Today we learn about Lord Nelson, a British maritime hero whose body was preserved on the way back to London by pickling it in a barrel of brandy. Fair warning: Lord Nelson's death is heroic, but the mortuary practice which followed it is gross and may even stop you from drinking for a few hours. However it is a part of this week's Corpses of Interest segment, celebrating the recent discovery of King Richard III buried underneath a parking lot.
Lord Nelson, as you'll recall, is the admiral who defeated Napoleon Bonaparte at the Battle of Trafalgar. The victory provided all sorts of good material for plucky British operettas about eating limes and wearing powdered wigs and such. More specifically, Trafalgar stopped Napoleon from invading Britain, thus sparing us from the prospect of palatable English cuisine.
Back then the military didn't have drones, so Lord Nelson actually had to show up on the deck of his ship to survey the battle personally. Unfortunately for him a French sniper managed to plug him, affording perhaps the most British death in all of history. When the captain of his flagship noticed that the admiral wasn't around, he found Lord Nelson kneeling on the deck and bleeding profusely. Nelson told Captain Hardy, “I do believe they have done it at last... my backbone is shot through.”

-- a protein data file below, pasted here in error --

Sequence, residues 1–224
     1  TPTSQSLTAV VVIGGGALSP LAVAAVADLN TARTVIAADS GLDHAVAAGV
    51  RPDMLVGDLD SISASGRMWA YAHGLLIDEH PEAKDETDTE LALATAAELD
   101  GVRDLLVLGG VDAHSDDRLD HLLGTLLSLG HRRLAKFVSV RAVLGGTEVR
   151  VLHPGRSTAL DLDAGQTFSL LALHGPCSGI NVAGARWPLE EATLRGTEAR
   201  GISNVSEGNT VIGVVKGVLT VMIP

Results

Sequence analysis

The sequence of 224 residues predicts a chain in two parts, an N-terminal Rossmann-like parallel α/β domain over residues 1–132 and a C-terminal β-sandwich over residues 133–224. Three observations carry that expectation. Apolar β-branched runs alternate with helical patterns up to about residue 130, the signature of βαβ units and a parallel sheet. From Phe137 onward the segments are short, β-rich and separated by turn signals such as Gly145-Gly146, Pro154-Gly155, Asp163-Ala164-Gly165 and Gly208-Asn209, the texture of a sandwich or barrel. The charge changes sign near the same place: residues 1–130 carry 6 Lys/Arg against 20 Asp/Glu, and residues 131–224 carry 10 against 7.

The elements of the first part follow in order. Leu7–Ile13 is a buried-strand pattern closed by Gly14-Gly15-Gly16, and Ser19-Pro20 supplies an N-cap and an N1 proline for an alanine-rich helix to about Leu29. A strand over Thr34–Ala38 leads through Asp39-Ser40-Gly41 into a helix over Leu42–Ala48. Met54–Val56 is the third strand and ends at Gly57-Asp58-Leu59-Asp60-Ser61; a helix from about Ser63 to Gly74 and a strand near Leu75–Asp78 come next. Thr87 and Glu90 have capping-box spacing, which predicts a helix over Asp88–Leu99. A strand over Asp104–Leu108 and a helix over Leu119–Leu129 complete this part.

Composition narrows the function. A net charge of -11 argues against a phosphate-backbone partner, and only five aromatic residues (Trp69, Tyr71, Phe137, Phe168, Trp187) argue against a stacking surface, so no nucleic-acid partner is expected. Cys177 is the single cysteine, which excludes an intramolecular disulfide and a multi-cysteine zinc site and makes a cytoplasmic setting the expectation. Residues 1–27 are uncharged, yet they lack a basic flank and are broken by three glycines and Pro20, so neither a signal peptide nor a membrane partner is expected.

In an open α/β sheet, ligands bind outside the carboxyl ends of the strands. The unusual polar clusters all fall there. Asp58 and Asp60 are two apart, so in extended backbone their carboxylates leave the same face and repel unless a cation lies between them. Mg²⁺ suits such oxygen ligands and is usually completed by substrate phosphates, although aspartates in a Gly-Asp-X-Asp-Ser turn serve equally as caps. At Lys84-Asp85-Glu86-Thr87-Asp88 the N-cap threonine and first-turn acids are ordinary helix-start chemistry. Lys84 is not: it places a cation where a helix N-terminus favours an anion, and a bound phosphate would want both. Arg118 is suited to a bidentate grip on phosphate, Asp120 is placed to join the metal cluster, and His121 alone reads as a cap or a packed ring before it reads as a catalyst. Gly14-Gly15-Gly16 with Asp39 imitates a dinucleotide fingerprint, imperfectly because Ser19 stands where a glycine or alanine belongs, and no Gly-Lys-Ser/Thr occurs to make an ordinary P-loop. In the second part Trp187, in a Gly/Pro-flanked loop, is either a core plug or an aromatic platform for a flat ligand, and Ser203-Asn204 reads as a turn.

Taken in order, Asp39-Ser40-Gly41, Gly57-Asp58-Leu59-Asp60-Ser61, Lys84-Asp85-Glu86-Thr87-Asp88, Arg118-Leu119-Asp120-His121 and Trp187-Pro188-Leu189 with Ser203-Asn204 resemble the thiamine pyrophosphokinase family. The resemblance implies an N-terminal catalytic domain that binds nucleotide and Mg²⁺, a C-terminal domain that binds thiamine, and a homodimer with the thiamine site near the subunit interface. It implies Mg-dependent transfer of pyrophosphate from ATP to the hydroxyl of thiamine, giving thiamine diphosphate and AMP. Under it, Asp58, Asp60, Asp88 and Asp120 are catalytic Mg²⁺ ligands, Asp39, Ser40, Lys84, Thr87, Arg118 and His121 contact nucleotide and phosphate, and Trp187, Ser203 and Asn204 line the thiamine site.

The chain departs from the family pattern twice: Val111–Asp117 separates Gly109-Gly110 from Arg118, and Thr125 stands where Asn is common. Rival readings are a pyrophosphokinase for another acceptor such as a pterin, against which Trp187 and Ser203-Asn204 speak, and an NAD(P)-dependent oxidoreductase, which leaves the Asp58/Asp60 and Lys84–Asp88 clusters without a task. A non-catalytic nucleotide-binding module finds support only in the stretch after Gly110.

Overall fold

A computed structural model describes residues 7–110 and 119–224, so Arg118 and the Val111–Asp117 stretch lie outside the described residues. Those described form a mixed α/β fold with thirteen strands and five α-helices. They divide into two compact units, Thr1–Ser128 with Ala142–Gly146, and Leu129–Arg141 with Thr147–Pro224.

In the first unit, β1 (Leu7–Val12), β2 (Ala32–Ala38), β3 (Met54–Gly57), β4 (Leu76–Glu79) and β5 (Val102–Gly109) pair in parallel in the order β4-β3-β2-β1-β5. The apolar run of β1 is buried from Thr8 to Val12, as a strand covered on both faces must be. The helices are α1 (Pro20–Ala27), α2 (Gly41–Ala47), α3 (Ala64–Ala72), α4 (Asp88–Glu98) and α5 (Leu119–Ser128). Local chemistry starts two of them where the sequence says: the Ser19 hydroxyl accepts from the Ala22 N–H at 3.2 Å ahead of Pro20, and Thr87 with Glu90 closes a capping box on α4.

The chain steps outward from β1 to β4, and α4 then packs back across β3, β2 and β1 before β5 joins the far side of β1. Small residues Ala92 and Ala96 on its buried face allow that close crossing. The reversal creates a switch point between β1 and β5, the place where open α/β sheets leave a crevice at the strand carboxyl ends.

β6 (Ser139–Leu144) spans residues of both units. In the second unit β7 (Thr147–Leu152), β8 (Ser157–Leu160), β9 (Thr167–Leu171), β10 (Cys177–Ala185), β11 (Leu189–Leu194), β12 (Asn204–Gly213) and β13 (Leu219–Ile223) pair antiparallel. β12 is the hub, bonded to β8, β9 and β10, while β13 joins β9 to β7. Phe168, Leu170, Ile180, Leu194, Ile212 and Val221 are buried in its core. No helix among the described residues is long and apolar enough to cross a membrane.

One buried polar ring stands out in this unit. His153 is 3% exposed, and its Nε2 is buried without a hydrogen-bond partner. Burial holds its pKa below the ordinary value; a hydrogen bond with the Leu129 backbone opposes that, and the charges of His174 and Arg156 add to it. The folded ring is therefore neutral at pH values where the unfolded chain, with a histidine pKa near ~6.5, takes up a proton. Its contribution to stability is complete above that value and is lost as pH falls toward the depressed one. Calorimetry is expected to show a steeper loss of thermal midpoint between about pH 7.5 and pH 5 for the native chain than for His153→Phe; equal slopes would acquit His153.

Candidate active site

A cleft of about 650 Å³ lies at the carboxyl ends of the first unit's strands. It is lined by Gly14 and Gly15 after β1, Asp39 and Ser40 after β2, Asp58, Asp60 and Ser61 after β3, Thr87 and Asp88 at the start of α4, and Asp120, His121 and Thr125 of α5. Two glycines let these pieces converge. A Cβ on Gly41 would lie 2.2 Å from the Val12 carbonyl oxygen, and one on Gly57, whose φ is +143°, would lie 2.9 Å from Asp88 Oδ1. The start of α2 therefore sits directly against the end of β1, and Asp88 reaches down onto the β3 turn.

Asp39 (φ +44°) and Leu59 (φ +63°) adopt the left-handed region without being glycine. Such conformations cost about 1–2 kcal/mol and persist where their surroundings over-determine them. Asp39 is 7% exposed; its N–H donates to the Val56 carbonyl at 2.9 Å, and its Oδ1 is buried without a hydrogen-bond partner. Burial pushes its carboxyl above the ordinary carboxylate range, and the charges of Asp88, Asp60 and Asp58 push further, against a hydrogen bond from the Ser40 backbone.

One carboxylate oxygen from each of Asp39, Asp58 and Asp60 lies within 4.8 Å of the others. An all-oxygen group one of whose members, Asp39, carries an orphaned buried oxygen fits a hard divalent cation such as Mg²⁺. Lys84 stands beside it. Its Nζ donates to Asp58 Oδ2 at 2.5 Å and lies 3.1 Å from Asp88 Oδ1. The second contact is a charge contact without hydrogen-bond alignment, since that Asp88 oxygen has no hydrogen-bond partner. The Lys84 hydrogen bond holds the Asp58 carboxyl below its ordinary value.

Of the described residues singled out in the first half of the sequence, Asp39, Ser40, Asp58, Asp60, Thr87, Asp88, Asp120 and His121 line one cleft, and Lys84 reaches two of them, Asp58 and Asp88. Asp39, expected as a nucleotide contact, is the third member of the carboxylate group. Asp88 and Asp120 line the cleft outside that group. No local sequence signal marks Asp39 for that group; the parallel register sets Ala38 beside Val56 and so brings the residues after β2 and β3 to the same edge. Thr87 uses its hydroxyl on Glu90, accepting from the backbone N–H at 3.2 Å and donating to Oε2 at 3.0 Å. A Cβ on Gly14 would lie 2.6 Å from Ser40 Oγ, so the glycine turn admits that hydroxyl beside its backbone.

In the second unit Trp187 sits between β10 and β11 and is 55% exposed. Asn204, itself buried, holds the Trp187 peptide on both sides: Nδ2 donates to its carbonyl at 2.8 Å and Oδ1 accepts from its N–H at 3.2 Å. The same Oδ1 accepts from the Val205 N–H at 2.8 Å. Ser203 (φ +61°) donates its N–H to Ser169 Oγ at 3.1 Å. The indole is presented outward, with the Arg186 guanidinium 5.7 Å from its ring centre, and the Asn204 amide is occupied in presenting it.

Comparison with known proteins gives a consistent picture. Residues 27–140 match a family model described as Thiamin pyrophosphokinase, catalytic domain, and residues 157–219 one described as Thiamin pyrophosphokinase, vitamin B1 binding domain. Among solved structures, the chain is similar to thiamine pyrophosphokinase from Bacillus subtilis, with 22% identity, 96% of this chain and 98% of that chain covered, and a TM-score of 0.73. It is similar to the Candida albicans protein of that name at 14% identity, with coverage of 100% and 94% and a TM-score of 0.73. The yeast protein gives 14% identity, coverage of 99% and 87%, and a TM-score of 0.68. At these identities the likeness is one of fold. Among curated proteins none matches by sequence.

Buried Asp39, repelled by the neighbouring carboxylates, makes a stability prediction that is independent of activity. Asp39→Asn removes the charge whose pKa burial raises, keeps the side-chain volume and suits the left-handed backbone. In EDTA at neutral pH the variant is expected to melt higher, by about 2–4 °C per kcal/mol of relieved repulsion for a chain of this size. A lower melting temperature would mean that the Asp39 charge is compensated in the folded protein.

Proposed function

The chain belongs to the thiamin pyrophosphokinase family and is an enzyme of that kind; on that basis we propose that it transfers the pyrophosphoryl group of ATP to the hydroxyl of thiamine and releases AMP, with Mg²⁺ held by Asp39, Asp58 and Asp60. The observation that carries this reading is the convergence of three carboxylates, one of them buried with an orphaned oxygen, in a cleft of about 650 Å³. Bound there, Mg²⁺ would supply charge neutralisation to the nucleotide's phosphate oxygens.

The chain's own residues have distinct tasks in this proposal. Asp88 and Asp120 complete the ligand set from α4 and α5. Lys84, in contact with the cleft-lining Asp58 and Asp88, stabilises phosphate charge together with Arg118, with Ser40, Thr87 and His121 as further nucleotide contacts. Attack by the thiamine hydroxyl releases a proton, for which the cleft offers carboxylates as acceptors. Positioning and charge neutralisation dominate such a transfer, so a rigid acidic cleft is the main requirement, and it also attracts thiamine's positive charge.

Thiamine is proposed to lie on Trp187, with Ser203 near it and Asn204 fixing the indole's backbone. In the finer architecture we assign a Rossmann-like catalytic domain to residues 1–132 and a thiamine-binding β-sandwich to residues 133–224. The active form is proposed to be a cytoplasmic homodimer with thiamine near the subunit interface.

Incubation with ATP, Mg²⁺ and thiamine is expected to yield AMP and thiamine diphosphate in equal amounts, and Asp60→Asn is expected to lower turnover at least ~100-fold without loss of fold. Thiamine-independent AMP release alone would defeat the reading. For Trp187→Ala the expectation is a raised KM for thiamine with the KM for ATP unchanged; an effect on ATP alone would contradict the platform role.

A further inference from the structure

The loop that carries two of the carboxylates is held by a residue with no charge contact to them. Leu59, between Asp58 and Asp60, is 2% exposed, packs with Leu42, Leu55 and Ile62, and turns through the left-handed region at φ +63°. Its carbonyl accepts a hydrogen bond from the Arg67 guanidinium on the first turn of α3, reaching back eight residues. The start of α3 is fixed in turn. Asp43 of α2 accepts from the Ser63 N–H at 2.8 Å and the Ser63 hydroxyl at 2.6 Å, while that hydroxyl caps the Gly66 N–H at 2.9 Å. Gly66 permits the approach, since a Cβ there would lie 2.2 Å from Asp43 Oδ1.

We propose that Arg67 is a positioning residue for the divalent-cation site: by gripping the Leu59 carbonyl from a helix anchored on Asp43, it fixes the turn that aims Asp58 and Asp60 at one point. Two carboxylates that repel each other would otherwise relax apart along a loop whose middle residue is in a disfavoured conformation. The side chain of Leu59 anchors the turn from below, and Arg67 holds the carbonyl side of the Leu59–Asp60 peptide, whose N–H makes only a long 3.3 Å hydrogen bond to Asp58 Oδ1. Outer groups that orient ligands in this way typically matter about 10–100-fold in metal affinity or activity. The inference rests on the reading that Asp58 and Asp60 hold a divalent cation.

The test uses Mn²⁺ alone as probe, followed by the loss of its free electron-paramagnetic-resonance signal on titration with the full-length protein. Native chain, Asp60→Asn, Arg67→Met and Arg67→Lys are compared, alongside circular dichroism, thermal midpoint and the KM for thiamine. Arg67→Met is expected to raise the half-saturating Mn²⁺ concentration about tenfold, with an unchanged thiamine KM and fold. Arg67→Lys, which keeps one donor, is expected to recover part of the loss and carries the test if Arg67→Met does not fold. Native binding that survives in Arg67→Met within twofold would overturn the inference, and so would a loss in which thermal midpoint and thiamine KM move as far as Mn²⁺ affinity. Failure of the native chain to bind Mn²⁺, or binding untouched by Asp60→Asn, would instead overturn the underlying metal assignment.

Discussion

That anyone could refer to a musket ball shattering his spinal column and lodging in his gut with such eloquence and politeness is astounding. One time I bent over to pick up a bottle cap and threw my back out, and I could barely even swear coherently. I did manage to swear, profusely in fact, but it took a lot of effort. If I got shot in the back with a musket I would not say things like, “I do believe.” I would say, “AAAAAAAAH! AAAAAAAAAH! BURN FRANCE TO THE GROUND! EVEN PETS!”
Captain Hardy ordered men to take the bleeding admiral below the decks, but on the way Lord Nelson paused the sailors carrying him so he could instruct a midshipman on how to properly handle a tiller. After relaying these helpful marine instructions despite having a steel marble lodged in his spine, Nelson draped a handkerchief over his face so that he would not cause alarm in the crew. Quite the team player. And again, almost obscenely British in his polite and orderly demeanor.
Lord Nelson died a few minutes later, on the eve of his greatest military achievement. Recognizing that the admiral constituted a great war hero, his men sealed his body in a barrel of brandy they had on hand to pickle it on the return voyage to England.
In Portugal they swapped the brandy out for wine. According to crew hearsay, the level of brandy had dropped precipitously from when they had plopped Lord Nelson in. Made of stout stuff and very likely raging alcoholics, the crew of the HMS Victory went ahead and drank the brandy knowing that it had an admiral stewing in it.
To this day the phrase “tapping the admiral” is a colloquial expression for grabbing a drink, particularly in the British Navy. A macabre reference to Lord Nelson's final voyage, when nasty seamen helped themselves to the brandy they pickled him in.